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‘Still failing to protect children’: New report slams UK advertising standards

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‘Still failing to protect children’: New report slams UK advertising standards

April 25
11:47 2013

The UK Advertising Standards Authority (ASA) are still failing when it comes to protecting children from the online marketing of junk food, according to a new report from the Children’s Food Campaign.

Two years after extending non-broadcast advertising rules to cover websites and social media, the ASA is struggling to get to grips with its new role, and is failing – the document warns.

Launched today, the new report , suggests that food companies continue to exploit loopholes and advertise junk foods to children online, even though stronger broadcasting regulations prevent such advertising on children’s
television.

The document accuses the Committee of Advertising Practice (CAP) Code as the root of the problem – adding that the Code leads the ASA to accept junk food sites directly appealing to children by showing video adverts that would not be allowed on television, make misleading claims on health and nutrition of their products, and use ‘advergames’ that encourage children to eat junk food.

“The ASA and CAP act like Tweedledum and Tweedledee: ineffective, ridiculous and joined at the hip,” said Malcolm Clark, co-ordinator of the Children’s Food Campaign (CFC ). “But this is no laughing matter.”

“Now more than ever, parents could use a strong helping hand in dealing with the online world and protecting their children from commercial interest,” he added.

“The ASA has proved itself unwilling and unable to fulfil this role.”

‘On a different page’

Reacting to the report, the ASA told us that it shares CFC ’s ‘reasonable concerns’ about protecting children, noting that it “sits at the heart of our work and the Advertising Codes.”

“But we are on a different page in terms of where we think the line should be drawn,” a statement said. “The advertising food rules surrounding children are deliberately strict, but proportionate and based on the best available evidence.”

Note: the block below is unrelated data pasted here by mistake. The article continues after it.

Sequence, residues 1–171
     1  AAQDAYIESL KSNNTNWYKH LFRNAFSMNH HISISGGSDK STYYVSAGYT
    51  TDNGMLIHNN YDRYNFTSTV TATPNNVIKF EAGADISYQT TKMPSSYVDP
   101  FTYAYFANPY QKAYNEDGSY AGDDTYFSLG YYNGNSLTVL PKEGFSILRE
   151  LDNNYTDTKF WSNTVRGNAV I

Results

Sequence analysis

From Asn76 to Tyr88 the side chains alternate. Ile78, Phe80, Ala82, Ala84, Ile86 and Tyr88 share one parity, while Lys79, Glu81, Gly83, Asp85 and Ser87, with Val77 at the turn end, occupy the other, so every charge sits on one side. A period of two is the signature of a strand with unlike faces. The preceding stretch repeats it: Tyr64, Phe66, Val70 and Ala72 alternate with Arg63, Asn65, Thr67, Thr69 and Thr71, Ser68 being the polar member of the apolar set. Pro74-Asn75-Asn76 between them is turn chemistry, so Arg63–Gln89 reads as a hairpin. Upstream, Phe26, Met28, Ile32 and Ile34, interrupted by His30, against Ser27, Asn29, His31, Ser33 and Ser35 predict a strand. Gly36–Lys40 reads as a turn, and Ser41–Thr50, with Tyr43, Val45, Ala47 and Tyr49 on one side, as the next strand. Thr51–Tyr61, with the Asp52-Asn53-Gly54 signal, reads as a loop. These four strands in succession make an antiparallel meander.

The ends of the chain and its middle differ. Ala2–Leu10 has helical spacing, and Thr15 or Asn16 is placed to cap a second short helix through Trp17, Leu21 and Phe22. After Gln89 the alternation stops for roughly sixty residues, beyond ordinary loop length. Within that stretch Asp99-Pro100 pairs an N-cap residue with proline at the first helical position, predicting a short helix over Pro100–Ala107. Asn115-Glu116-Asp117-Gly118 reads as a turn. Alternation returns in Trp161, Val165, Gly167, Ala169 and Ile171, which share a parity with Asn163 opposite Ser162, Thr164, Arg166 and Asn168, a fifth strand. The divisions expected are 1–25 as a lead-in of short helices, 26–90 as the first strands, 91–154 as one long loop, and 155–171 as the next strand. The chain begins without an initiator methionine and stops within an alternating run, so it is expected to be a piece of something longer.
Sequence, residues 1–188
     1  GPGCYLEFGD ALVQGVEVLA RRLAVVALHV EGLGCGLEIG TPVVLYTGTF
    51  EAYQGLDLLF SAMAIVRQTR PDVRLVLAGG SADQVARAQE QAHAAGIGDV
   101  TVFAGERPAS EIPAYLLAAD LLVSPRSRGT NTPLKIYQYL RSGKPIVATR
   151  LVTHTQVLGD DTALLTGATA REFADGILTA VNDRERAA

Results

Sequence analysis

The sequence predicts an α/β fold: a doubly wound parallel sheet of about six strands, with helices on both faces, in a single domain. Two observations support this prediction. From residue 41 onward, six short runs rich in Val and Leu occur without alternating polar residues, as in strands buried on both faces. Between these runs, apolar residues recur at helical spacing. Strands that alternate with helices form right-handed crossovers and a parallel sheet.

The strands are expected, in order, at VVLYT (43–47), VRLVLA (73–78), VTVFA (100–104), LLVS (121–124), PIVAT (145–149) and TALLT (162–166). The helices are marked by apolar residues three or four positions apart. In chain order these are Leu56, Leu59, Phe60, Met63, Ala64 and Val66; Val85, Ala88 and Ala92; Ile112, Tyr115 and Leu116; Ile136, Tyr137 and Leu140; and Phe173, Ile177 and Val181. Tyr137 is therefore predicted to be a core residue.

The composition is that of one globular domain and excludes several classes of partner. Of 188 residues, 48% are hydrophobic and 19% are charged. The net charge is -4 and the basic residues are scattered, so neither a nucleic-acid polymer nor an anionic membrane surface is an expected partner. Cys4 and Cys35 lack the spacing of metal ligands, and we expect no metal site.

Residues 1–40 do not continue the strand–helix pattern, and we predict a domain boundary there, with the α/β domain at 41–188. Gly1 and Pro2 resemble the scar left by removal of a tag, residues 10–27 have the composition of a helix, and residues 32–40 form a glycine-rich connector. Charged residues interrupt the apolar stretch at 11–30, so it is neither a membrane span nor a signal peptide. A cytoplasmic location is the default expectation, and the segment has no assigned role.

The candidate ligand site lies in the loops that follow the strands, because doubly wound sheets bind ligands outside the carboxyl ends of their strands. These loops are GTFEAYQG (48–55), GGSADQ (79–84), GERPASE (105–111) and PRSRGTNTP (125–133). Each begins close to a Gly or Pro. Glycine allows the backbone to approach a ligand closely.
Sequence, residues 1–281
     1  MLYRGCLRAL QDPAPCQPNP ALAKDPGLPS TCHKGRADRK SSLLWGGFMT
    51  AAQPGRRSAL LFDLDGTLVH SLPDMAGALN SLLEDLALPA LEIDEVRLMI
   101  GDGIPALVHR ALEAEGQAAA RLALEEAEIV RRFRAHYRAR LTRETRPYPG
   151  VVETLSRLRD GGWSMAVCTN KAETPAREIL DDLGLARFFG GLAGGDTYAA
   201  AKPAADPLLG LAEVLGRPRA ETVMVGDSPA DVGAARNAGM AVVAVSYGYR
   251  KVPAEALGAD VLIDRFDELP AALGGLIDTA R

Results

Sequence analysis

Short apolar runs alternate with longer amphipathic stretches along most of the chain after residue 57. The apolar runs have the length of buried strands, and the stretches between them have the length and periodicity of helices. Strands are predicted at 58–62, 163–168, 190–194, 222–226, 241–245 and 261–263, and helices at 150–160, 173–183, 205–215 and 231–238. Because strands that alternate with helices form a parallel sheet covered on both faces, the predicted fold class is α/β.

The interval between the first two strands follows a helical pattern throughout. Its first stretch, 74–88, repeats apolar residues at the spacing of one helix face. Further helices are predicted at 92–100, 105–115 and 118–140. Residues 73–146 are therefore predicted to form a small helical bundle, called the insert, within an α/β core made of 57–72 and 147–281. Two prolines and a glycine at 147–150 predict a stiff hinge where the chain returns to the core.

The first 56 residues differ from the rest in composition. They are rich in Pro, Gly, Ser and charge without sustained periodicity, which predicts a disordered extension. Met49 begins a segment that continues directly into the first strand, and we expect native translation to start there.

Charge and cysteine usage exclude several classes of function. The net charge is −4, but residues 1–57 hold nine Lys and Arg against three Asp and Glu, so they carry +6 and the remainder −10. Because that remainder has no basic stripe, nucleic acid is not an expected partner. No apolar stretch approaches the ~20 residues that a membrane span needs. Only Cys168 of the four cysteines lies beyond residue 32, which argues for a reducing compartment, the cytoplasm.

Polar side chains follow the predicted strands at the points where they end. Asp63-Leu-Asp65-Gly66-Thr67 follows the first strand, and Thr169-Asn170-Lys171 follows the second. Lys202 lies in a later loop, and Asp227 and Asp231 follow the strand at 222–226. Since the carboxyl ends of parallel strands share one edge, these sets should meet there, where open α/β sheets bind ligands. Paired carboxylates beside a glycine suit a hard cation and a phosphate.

The ASA said self-regulation has a 50 year history of responding effectively and adapting to meet new challenges, including online and digital.

“The rules have been tightened in response to evidence, including those for food, and we continue to monitor how they are working so that advertising remains responsible and children continue to be protected,” it said.

‘Major failings’

However the CFC said that their review exposes major failings in the regulator’s complaints process and in the non-broadcast marketing code.

The campaign report argues that the regulator’s approach is inconsistent, secretive, biased towards companies with the money and time to challenge rulings, and focused on the letter rather than the spirit of the Code.

“In industry after industry … self-regulation has proven to be a failed model. More of the same is not what is needed to protect children’s health or to give parents more help in making healthy choices for their family,” said Clark.

“Those on the ASA Council and CAP Committees have to step up and improve the performance of their organisations,” he said. “They should heed the report’s findings as they conduct their own official two year review of the online remit extension.”

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